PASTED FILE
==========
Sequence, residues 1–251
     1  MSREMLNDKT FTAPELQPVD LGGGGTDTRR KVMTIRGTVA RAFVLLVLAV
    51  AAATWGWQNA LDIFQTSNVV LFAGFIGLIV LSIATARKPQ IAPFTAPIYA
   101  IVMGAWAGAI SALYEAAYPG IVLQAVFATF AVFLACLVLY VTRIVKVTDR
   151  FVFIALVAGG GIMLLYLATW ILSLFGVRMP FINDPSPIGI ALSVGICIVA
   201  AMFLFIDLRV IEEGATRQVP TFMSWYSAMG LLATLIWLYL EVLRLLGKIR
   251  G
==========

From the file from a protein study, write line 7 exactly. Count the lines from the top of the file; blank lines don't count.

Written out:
   251  G